During the two months between the completion and launch of my latest book, A Writer’s Bucket List, I would lie awake at night fretting about the book and all the little steps that go into self-publishing…
What did I forget to put on the website?
What should I say in the announcement emails?
What will Launch Day look like?
Is my sales goal way too high or way too low?
Will this thing succeed? Can it?
Am I a complete fraud?
Am I a good enough writer?
Sure, I’ve gotten positive feedback from some people — people I really respect as writers, not just a few friends who don’t know what they’re talking about.
But have I gotten enough?
What about all the people who have read this thing and said nothing? Are they saying nothing because they only have negative feedback? Did they stop reading after page one, overwhelmed with boredom or in a fit of laughter over how ridiculously bad it is?
Is this thing ready to go out into the world?
It never is. It never, never is completely ready to go out into the world. That’s the comfort you get when working with a third party in traditional publishing: Someone else tells you when it’s ready. And that must feel so good. Self-publishers have to dig inside ourselves and listen to our inner critic, find validation from within.
Where the heck are we supposed to find that?
I confess: I’ve put out work that wasn’t ready before, because I was eager, and I was green.
I promised myself I wouldn’t do that with this one. It’s been in the works for almost a year, from conception to writing to editing to designing to marketing to release. I forced myself to wait, to take every step carefully and thoughtfully. I involved other people — I paid other people. I needed their eyes; mine stopped working long ago. Your eyes can only assess your own project for so long before they go completely crooked and can’t tell artistic genius from finger-paints anymore.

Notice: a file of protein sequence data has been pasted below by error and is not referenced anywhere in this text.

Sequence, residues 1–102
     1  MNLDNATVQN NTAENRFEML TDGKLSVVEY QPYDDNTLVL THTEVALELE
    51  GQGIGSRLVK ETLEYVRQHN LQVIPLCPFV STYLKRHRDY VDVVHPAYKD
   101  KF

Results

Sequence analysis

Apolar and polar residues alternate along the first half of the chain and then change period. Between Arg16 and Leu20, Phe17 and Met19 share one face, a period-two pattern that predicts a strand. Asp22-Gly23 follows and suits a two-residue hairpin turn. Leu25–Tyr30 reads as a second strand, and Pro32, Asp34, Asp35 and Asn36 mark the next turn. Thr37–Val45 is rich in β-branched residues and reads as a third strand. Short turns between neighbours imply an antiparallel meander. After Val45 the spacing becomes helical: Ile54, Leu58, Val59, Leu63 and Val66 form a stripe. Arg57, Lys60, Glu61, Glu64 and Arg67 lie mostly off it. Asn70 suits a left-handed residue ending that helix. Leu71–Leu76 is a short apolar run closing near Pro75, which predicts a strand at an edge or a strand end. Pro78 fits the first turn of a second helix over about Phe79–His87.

I did it right. I brought in editors, beta readers, and experts. I received feedback at a bunch of points on the path, made adjustments, and have gotten positive feedback from those writers I respect.
To be honest, I know it’s a good book. I’m…
proud of it.
But can it sell?
What if I’m the only one who likes it?
Will anybody really look at my pitch and think, Yeah, I’ll press ‘BUY’?
Is it going to be some gigantic flop?
They don’t know me. They don’t know if I’m good enough or smart enough or have any kind of ability to string words together — and nobody likes to pay any money for anything anymore, so who am I to take their money for my swill?
None of it is ever guaranteed, is it? My first two self-published books fell into the gigantic majority of books that sell less than 100 copies in their lifetime. And I’m okay with that. They deserved to sell that little, because they were amateurish. They were practice. They were education.
But this one? It deserves more. It’s better. It’s targeted. It’s helpful. It took a lot of time and a lot of work.
But what if it still sells less than 100 books?!
…That’s what kept me up at night. I tried to cover it all with the anticipation, plans, and excitement that were also swirling around my mind.
But I was so, SO scared.
You can never know if you’ve hit the right notes. Publishing comes with too many variables. You can read as many tips and warnings as you’d like. You can bring in all the experts, spend all the money, double-triple-quadruple check the spelling, formatting, design, and layout.
None of that will let you know whether your book will be a success.
The only way to know whether people will want your book is to publish it and offer it to them.
Are you ready to publish and offer your writing? Feel a little anxious? Share with us in the comments.